Do animals have personalities?

pug dog with tongue sticking out
Does your cute little pug have a unique personality? See more pictures of dogs.
Digital Zoo/Getty Images

­It may seem like a silly question to pet owners. Of course animals have personalities. Just take a trip to your neighborhood dog park, and you'll see those personalities in action: The miniature pinscher marches confidently into the middle of wrestling match among a pack of large dogs, while the mixed breed Labrador tentatively sticks to her owner's pant leg.

Pet owners are quick to attach personalities to their pets. But what do scientists say about this concept? Is it possible for animals to be irritable, adventurous, neurotic or even a mixture of these characteristics?


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To determine whether animals have personalities, we first have to define what a personality is, which is surprisingly difficult. Definitions of personality range from general to precise. For example, personality could merely entail any collection of traits, or might necessitate the traits be "unique," "dynamic" and "enduring" [source: Cottam]. And some psychologists question whether personality is definable at all, judging from the inconsistency of traits in people [source: OUP]. Nevertheless, scientists must know what to look for when they try to decide if an animal has one or not.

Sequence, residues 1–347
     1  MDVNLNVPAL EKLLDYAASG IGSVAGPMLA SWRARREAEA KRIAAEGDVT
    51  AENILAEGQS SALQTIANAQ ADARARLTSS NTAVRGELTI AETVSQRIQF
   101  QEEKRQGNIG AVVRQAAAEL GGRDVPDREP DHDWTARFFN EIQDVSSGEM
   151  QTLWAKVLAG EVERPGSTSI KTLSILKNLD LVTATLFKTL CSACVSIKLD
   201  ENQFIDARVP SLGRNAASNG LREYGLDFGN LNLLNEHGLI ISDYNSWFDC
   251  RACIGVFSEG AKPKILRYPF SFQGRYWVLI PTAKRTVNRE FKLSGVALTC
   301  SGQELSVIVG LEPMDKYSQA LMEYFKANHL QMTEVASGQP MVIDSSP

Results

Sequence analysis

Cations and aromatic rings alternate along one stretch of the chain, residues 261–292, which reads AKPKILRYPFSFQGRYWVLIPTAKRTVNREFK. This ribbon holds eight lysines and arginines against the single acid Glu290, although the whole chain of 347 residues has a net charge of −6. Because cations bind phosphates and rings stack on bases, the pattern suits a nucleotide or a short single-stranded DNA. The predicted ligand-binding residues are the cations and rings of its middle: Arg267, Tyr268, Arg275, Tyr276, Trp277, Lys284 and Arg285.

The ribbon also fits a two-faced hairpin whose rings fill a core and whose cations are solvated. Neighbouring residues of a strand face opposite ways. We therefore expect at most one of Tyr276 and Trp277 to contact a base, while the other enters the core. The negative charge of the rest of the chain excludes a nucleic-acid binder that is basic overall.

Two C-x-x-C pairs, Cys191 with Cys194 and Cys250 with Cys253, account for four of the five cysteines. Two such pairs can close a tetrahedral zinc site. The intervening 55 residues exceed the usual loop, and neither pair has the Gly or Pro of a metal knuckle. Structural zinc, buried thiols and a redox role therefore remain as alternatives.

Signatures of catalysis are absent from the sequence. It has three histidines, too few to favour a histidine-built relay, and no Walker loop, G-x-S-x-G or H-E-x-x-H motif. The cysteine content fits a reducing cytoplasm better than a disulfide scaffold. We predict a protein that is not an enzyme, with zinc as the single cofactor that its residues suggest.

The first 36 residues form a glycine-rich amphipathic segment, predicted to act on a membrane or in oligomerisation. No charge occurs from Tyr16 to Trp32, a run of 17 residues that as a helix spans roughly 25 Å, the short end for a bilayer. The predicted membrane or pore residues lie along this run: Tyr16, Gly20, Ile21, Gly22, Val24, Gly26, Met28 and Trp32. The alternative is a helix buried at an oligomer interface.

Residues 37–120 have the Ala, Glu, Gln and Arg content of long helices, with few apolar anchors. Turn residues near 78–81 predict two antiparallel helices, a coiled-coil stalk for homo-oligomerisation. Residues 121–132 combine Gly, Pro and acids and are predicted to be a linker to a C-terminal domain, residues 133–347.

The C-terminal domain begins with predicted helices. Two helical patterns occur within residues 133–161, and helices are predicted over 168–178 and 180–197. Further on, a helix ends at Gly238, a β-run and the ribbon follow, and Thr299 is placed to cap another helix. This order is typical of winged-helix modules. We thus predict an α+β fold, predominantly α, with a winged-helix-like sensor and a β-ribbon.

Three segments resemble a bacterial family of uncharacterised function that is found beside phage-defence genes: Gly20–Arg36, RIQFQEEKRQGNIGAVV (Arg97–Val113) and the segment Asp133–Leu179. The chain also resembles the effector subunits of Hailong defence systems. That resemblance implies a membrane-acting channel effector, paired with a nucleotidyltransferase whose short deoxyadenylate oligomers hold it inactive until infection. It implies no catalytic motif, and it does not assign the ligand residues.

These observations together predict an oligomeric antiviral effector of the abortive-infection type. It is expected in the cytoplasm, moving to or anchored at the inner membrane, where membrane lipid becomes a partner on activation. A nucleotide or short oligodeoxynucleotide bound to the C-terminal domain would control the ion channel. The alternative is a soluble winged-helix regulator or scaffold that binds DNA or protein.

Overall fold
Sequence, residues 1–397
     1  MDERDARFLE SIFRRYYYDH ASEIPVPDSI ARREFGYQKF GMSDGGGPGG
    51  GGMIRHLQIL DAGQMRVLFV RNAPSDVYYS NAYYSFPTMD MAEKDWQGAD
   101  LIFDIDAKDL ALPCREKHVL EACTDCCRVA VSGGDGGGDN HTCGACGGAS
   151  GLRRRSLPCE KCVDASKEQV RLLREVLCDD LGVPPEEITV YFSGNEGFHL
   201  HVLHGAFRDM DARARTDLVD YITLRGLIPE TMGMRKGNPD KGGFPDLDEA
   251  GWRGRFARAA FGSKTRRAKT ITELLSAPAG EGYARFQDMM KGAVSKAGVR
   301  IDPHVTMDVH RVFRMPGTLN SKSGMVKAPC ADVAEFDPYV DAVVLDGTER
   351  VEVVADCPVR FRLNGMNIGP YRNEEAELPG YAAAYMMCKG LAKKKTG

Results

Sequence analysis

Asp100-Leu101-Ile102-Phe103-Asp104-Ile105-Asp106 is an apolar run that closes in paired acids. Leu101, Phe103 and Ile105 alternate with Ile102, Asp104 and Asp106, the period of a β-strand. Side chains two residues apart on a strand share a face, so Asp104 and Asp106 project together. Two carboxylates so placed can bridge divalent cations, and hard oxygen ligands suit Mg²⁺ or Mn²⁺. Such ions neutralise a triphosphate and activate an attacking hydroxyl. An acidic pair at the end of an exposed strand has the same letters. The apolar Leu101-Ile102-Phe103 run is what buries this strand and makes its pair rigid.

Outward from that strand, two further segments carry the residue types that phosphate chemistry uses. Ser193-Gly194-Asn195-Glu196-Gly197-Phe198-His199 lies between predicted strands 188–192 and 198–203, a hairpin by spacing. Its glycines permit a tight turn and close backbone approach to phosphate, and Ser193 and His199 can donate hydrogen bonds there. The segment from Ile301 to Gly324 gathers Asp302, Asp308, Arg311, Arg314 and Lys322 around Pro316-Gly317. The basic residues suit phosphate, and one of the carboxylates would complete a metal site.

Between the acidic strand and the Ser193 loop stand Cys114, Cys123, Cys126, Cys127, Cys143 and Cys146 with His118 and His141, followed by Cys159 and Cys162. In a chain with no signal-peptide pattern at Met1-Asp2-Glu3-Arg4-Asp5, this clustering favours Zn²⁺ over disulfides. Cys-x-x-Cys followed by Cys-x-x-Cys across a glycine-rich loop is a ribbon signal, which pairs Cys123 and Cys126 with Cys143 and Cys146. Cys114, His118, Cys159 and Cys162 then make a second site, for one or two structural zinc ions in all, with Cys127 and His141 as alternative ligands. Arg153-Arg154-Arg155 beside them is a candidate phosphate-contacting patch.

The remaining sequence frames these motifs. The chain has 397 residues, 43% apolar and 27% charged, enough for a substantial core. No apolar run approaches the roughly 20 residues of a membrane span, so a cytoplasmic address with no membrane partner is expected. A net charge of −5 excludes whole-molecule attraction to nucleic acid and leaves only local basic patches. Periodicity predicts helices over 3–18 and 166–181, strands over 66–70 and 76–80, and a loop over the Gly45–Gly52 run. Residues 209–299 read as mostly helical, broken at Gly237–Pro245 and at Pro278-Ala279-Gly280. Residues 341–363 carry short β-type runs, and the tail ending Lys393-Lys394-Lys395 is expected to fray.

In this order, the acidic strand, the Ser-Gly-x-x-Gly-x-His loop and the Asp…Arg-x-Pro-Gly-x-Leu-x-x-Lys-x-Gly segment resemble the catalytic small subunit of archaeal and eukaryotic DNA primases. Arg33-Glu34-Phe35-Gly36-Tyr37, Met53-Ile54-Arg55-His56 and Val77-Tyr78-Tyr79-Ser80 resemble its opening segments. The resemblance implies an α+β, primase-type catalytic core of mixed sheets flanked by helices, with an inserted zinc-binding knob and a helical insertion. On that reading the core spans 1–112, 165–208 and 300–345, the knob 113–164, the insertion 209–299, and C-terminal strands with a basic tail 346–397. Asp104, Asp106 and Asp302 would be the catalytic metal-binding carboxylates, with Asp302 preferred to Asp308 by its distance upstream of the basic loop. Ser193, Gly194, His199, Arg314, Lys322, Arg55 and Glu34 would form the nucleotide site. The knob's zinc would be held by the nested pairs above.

Read on to learn how scientists empirically study this concept and what research shows about the extent to which the depth and consistency of an animal's personality can rival a human's.


Animal Personality Studies

great tit perched on tree
Dutch scientists studied the Great Tit (Parus major), looking for personality traits
iStockPhoto/Andrew Howe

Studying personality in animals seems silly to some; indeed, scientists wishing to pursue the subject have had to overcome skepticism in the academic world [source: Dye]. Their attempts seem to be working, as the amount of research on animal personality has been steadily growing since the 1990s.